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Emile

Or Treatise on Education

Emile( )
Author: Rousseau, Jean-Jacques
Translator: Payne, William H.
Series title:Great Books in Philosophy
ISBN:978-1-59102-111-7
Publication Date:Jun 2013
Publisher:Prometheus Books, Publishers
Book Format:Paperback
List Price:AUD $26.99
Book Description:

In his pioneering treatise on education the great French philosopher presented concepts that had a significant influence on the development of pedagogy, and yet many of his ideas still sound radical today. Written in reaction to the stultifying system of rote learning and memorization prevalent throughout Europe in Rousseau's time, Émile is a utopian vision of child-centered education, full of the sentiments of Romanticism, which Rousseau himself inspired. Imagining...
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Book Details
Pages:315
Detailed Subjects: Education / History
Education / Philosophy, Theory & Social Aspects
Physical Dimensions (W X L X H):13.7 x 21 x 2.1 cm
Book Weight:0.408 Kilograms
Author Biography
Rousseau, Jean-Jacques (Author)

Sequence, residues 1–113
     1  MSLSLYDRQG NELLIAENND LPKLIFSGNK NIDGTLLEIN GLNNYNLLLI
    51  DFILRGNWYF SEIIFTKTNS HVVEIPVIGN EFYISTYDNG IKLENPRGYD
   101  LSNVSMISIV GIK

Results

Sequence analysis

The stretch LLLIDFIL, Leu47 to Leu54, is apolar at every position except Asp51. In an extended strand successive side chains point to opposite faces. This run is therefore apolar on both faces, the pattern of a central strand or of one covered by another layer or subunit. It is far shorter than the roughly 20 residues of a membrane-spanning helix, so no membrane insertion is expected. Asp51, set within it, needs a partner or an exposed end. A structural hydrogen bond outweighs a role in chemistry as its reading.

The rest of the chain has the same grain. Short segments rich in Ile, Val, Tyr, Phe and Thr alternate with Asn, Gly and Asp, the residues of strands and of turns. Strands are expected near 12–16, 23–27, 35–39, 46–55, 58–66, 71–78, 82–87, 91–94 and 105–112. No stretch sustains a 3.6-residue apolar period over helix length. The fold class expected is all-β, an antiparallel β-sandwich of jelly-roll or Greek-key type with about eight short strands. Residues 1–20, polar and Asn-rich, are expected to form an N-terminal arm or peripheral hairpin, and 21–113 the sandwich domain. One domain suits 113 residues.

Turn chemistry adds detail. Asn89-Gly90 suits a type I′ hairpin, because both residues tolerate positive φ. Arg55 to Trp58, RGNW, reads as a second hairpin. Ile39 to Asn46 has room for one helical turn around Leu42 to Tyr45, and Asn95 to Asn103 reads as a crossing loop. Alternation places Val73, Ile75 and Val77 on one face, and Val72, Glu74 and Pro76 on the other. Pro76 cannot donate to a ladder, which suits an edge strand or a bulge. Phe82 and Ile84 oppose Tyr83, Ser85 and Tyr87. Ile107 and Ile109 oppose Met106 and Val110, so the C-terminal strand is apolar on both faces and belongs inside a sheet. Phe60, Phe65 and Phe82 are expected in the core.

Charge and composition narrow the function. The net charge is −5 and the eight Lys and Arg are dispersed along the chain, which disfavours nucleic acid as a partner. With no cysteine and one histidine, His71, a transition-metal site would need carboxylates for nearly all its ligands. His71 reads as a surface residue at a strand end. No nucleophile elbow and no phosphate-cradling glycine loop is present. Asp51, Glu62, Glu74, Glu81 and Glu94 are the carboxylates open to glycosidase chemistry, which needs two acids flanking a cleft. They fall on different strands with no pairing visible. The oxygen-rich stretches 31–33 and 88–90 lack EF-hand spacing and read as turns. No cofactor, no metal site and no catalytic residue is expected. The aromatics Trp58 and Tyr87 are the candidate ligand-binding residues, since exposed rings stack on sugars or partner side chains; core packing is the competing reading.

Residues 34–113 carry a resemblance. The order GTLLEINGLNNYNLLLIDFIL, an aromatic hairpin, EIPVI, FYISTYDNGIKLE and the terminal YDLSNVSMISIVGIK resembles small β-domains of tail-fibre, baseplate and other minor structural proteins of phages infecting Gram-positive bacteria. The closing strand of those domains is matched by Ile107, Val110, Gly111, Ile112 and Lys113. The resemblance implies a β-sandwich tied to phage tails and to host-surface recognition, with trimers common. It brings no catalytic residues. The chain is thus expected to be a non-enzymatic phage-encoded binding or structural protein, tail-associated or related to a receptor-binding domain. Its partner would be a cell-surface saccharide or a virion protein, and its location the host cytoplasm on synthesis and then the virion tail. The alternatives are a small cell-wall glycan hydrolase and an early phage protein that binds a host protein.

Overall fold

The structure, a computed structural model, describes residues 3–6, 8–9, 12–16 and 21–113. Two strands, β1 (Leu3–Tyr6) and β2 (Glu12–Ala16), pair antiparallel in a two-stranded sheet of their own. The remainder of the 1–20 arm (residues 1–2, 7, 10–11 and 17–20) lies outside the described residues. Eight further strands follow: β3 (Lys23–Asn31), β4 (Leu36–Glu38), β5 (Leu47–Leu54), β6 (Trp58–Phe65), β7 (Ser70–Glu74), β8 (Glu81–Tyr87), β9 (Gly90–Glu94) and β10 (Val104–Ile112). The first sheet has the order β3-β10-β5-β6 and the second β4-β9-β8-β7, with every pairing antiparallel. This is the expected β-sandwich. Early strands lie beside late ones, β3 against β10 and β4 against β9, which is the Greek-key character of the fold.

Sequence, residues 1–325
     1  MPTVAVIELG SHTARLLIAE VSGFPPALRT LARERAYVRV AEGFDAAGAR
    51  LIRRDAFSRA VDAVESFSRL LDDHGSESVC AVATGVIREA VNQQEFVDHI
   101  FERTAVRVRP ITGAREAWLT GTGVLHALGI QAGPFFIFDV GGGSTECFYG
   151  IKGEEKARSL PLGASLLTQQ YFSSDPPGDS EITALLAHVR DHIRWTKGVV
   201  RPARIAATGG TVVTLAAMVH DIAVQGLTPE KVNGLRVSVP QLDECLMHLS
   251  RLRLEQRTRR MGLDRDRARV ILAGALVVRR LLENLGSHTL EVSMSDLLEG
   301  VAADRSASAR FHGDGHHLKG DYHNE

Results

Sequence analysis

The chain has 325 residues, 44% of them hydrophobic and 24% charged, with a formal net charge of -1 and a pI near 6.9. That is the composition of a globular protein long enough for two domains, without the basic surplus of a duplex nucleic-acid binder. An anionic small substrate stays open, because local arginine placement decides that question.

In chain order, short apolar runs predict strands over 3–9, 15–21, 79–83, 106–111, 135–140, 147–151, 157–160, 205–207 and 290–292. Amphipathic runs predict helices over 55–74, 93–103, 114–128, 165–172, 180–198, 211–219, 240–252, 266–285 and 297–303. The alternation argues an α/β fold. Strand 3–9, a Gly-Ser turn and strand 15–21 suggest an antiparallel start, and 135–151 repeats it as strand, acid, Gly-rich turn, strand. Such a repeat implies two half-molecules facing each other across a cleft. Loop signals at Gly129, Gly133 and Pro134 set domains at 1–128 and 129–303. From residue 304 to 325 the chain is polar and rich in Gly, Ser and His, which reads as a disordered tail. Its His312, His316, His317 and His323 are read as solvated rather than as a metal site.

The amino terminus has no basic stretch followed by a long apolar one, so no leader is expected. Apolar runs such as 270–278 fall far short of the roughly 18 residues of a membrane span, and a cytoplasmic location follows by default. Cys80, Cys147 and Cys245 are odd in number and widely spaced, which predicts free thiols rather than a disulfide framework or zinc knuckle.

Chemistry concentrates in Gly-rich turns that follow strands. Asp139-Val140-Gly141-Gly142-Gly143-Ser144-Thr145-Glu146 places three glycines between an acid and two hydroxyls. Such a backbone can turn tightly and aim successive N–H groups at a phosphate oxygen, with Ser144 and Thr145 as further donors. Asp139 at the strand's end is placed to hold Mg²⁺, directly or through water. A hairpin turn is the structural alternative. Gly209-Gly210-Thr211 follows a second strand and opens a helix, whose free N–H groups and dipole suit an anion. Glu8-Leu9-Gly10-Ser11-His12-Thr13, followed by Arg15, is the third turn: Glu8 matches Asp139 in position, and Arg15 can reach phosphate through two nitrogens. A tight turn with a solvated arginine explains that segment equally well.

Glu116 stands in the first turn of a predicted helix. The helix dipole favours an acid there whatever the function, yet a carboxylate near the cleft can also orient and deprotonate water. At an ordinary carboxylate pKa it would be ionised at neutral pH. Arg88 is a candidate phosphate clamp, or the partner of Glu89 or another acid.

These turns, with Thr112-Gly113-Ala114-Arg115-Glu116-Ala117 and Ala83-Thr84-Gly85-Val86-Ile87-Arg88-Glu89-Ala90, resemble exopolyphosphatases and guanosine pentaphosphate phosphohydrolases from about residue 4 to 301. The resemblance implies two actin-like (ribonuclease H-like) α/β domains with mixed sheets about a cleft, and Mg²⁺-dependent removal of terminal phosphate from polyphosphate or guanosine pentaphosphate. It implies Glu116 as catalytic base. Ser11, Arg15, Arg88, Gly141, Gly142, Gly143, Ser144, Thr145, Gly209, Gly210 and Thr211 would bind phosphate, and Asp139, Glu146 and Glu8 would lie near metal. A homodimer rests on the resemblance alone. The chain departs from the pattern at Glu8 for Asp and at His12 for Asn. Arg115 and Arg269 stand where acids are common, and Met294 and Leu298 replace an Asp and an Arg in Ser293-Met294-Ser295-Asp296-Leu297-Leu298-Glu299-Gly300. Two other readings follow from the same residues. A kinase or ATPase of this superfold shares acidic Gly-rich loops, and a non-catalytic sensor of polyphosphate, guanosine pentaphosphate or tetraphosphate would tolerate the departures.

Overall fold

Jean Jacques Rousseau was a Swiss philosopher and political theorist who lived much of his life in France. Many reference books describe him as French, but he generally added "Citizen of Geneva" whenever he signed his name. He presented his theory of education in Emile (1762), a novel, the first book to link the educational process to a scientific understanding of children; Rousseau is thus regarded as the precursor, if not the founder, of child psychology. "The greatest good is not authority, but liberty," he wrote, and in The Social Contract (1762) Rousseau moved from a study of the individual to an analysis of the relationship of the individual to the state: "The art of politics consists of making each citizen extremely dependent upon the polis in order to free him from dependence upon other citizens." This doctrine of sovereignty, the absolute supremacy of the state over its members, has led many to accuse Rousseau of opening the doors to despotism, collectivism, and totalitarianism. Others say that this is the opposite of Rousseau's intent, that the surrender of rights is only apparent, and that in the end individuals retain the rights that they appear to have given up. In effect, these Rousseau supporters say, the social contract is designed to secure or to restore to individuals in the state of civilization the equivalent of the rights they enjoyed in the state of nature. Rousseau was a passionate man who lived in passionate times, and he still stirs passion in those who write about him today.

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